an industry Code for Sustainable Buildings, said deputy prime
minister John Prescott today.
building, maintaining and occupying buildings. Our homes alone
account for around twenty five per cent.
The government gave the green light to the Code in its response to
the Sustainable Buildings Task Group report, in which experts from
the private, public and non-governmental sectors pinpointed ways in
which industry and government can work together to promote
The new code will establish higher standards for energy and water
efficiency, as well as waste and use of materials. This will help to
deliver truly sustainable buildings and is expected, through
increased efficiency, to generate substantial savings for industry
and consumers. Government calls on the whole of the building industry
to embrace the task group's recommendations.
The first outline of the Code should be complete in time for the
Sustainable Communities Summit in January 2005.
Mr Prescott welcomed the report and said:
'We are delighted to start work with industry on developing the Code
for Sustainable Buildings.
'Building better, greener buildings is a key element of our£38bn Sustainable Communities Plan. This is the best opportunity
we have had for generations to change the way we build. By doing
things differently we will benefit both people and the planet. It is
time to apply the highest environmental standards to the new and
existing building stock if we are to tackle climate change and
achieve high quality design for communities where people will want to
live now and in the future.'
Environment secretary Margaret Beckett said:
'We welcome the task group's specific recommendations on energy and
water efficiency and on waste and the sustainable use of timber. We
will urgently undertake full analysis of the recommendations,
maximising industry and stakeholder expertise as we do, and will
implement the proposals where we can. We will also help establish the
Code for Sustainable Buildings. We hope that industry will respond
and take up the considerable challenges laid down by the task group.
'We should demand the highest environmental standards possible in all
our buildings to ensure that future homes and communities are
sustainable and where people want to live.'
Secretary of state for the Department for Trade and Industry Patricia
Hewitt said: 'The aim to build better buildings, and tackle the key
environmental issues of greenhouse emissions and waste, is clearly
one which government and industry must work together on. We know that
to establish and develop a successful Code we will need the technical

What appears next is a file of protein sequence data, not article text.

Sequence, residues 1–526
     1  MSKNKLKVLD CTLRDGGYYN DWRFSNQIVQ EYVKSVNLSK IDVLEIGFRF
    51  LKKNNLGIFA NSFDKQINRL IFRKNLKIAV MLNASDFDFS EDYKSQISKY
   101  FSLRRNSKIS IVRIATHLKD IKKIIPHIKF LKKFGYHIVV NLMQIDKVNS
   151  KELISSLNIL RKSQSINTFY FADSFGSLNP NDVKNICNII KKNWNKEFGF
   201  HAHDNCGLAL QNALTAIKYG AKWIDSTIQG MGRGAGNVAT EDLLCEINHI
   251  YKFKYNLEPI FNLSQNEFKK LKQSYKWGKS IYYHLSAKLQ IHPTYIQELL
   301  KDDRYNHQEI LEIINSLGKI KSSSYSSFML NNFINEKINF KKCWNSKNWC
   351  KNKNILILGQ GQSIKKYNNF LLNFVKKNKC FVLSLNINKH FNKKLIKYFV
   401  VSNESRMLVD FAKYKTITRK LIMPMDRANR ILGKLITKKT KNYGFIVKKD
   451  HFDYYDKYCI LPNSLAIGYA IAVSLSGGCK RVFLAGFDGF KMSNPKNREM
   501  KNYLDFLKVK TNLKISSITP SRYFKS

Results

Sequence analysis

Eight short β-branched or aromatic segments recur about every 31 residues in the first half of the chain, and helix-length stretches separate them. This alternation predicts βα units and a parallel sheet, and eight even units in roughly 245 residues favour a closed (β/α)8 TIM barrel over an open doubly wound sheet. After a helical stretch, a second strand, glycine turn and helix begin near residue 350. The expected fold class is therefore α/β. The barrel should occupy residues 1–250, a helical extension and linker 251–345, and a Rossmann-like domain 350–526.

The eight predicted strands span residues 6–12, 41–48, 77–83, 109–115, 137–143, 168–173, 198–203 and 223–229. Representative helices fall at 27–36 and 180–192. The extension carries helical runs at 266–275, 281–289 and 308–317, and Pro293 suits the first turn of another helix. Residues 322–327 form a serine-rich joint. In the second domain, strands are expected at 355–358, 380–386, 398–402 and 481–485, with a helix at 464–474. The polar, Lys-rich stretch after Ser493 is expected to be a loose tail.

expertise of the industry.
'The report's recommendations show a real
way forward, and several important sectors are already responding to
the new challenges ahead. We must also realise that this report marks
a beginning, not anend, to the process.'
Member of the task group and CEO of the UK Timber Frame Association,
Bryan Woodley said:
'The united approach from three important government departments in
welcoming the Code gives a positive and proactive foundation to allow
industry to deliver communities and buildings fit for this and future
'Even the Code's more aspirational aspects are achievable using
timber in construction and co-operative follow-up actions are now
being progressed with government, CPET, Forestry Commission, WWF,
Energy Saving Trust, WRAP, BRE and TRADA as well as a broad
cross-section of Industry and its supply chain.'
A project group will be set up immediately to establish the main
criteria of the Code, as well as set up a senior steering group to
fully develop the Code. Direct industry involvement in the project
group is welcomed and will be core to the membership of the senior
steering group. The group will work with local authorities and
developers to ensure that a sufficient number of demonstration
schemes in the Thames Gateway, and potentially elsewhere, are
established. Part of the demonstration process will be to carry out a
full regulatory impact assessment and economic assessment.
The Code should be complete by the end of 2005, in order to take
action on a national rollout by early 2006.
1. The Sustainable Buildings Task Group comprised a small group of
expert stakeholders tasked to pinpoint ways in which industry and
government can work together to promote sustainable development in
the building sector. Its remit was to seek better quality and
environmental performance in construction of new and the management
of existing buildings.
2. The SBTG report is available on the Environment Agency web site
'Making today's buildings fit for tomorrow'
3. The Better Buildings Summit was co-hosted by ODPM, DTI and Defra
on October 21 2003.
4. The£38bn Sustainable Communities Plan, published in February
2003, is available on the ODPM Website.
5. The Energy White Paper, published in February 2003, is available
on the DTI Website.
5. John Harman (Environment Agency) and Victor Benjamin (English
Partnerships) co-chaired the group.
6. The following were members of the Sustainable Buildings Task Group
* John Calcutt, Chief Executive, Crest Nicholson
* Julian Barwick, Joint Managing Director, Development Securities
* Sheila Button, Board Member, Housing Corporation
* Terry Wyatt, President, CIBSE
* Philip Sellwood, Chief Executive, Energy Savings Trust
* Pamela Taylor, Chief Executive, Water UK
* Michael Ankers, CEO, Construction Products Association
* Jennie Price, Chief Executive, Waste and Resources Action Programme
* Brian Woodley, UK Timber Frame Association
* Ian Coull, Chief Executive of Slough Estates
* Peter Studdert, Director of Environment and Planning, Cambridge
* Paul King, Campaign Director, WWF-UK
* Lynne Sullivan, Sustainability Director, Broadway Malyan
* Paul Noon, Trade Union Sustainable Development Advisory Committee
* Government x 5 (ODPM/DEFRA/DTI/HMT/OGC)